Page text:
Church ministry in this COVID-19 world “is a unique and challenging situation,” says Jim Vogel, executive director of the Northeast Fellowship. “In my almost 45 years of pastoral ministry, I know we have not faced anything like this before. There are no templates; there’s no manual or explanation book that we can find to tell us what to do in these kinds of settings.”
Brian King, associate director of the Northeast Fellowship, reiterates that there’s no one-size-fits-all method for churches to reopen. “There are so many differing factors, particularly by location, that it’s going to be different for each church and very different between some churches.”
Two elements are common, however, among churches that are reopening: cleaning the buildings and making hand sanitizer available. All of the churches will be putting in extra effort to clean and disinfect their buildings between and after services. And hand sanitizer will be a familiar sight at entrances and on surfaces.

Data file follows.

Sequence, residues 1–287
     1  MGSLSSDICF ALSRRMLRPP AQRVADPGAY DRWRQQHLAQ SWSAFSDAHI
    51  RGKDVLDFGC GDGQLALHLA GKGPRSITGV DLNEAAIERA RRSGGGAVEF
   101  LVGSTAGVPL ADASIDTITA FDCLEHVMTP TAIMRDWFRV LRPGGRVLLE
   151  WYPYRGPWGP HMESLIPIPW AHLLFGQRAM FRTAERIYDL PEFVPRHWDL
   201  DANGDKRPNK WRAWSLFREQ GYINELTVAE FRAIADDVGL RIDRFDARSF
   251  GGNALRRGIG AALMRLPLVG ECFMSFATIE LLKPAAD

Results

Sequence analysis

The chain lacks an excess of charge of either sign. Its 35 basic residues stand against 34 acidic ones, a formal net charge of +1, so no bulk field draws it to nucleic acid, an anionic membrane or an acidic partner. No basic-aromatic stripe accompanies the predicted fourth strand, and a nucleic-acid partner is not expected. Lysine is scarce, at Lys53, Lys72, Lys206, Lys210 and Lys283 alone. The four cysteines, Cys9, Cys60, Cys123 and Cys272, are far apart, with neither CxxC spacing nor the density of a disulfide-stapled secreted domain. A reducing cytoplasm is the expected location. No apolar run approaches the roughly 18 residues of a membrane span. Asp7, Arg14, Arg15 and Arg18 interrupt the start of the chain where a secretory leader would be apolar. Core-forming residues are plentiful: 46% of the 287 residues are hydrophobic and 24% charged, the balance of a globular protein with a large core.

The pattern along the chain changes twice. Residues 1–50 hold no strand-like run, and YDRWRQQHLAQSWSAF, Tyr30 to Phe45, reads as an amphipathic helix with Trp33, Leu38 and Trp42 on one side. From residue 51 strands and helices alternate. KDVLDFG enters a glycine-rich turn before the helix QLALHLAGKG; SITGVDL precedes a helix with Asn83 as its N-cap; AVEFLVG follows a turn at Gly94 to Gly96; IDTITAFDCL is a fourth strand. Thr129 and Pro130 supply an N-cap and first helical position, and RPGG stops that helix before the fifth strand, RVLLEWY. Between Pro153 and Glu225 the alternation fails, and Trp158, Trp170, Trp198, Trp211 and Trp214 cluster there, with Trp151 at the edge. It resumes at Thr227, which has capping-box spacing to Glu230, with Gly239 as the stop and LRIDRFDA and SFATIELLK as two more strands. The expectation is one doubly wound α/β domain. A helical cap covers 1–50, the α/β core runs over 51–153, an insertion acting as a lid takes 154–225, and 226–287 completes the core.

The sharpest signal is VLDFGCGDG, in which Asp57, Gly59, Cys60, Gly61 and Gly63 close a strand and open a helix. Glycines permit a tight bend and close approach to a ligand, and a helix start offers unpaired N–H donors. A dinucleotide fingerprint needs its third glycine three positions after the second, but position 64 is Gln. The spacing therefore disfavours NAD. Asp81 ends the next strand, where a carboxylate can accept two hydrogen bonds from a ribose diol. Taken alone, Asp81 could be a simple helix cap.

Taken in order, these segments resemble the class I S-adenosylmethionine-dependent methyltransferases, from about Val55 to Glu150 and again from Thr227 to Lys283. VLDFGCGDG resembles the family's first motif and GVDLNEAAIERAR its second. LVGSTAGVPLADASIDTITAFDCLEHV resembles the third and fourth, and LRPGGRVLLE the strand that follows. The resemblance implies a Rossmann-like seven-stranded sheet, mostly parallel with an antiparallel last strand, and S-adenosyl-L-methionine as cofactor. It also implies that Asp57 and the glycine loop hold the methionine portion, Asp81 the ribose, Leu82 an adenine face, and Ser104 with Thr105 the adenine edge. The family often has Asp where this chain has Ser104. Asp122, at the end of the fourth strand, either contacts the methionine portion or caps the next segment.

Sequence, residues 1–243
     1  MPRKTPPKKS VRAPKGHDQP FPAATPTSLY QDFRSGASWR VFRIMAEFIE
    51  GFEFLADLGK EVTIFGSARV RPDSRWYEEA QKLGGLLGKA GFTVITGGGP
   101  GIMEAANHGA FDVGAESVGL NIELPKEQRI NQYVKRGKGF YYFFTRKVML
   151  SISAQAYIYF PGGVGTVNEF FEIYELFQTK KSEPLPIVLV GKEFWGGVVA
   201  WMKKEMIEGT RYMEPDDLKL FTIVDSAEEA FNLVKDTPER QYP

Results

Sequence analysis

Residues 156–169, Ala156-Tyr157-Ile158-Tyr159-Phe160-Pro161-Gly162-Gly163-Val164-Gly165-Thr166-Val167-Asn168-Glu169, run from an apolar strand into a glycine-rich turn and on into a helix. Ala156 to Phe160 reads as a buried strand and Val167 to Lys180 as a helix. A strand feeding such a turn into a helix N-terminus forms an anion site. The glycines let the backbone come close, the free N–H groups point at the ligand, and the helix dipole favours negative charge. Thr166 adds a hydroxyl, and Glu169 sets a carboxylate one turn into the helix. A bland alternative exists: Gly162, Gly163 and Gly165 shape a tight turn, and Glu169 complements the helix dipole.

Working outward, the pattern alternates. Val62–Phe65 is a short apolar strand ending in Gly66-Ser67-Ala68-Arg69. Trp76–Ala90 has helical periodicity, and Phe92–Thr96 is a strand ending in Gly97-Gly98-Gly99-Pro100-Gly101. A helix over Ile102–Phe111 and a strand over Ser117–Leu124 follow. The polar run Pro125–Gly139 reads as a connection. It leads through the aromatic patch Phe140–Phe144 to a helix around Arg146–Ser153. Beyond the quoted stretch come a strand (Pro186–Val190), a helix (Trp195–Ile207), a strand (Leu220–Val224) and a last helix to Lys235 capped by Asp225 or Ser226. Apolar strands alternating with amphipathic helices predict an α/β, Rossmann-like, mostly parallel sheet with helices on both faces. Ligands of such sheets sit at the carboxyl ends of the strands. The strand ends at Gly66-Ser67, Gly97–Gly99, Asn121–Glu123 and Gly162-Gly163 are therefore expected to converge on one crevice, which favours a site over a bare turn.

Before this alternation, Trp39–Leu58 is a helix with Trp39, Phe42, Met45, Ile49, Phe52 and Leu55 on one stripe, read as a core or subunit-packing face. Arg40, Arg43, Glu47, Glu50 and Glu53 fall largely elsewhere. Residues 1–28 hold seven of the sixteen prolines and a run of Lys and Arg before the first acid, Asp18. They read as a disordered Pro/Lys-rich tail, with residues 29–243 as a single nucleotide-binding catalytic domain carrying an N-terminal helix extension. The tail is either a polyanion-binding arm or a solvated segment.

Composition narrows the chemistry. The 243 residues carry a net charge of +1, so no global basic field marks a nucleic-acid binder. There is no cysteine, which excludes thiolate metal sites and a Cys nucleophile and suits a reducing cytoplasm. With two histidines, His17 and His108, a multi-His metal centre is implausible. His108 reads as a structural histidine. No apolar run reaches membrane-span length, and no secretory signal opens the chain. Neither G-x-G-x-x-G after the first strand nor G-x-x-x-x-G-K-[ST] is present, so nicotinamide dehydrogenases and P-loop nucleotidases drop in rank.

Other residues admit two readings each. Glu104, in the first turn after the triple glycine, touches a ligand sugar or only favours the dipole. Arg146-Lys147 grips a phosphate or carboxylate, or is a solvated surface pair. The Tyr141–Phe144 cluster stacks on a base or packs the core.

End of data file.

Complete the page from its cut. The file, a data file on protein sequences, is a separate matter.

King encourages people not to “put our hope in returning to the way things were or reopening soon or having things our way.” Instead, we should “put our hope in God—in Him, in His wisdom, in His plan, in all of His great traits,” as Psalm 42 and 43 instruct us, he says. When we put our hope in God, “we really won’t be—can’t be—disappointed.”
Melissa Meyer is an editor for Regular Baptist Press.
- Churches holding online-only or limited worship services can continue to build strong lives in their children and youth. Regular Baptist Press offers ideas for your church to keep in touch with students using Strong Kids curriculum and Kids4Truth Clubs.